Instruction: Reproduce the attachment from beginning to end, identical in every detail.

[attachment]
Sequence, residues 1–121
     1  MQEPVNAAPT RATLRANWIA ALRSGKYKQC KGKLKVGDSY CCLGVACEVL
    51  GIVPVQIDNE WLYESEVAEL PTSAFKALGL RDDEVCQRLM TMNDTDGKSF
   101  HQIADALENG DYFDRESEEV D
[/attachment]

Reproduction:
Sequence, residues 1–121
     1  MQEPVNAAPT RATLRANWIA ALRSGKYKQC KGKLKVGDSY CCLGVACEVL
    51  GIVPVQIDNE WLYESEVAEL PTSAFKALGL RDDEVCQRLM TMNDTDGKSF
   101  HQIADALENG DYFDRESEEV D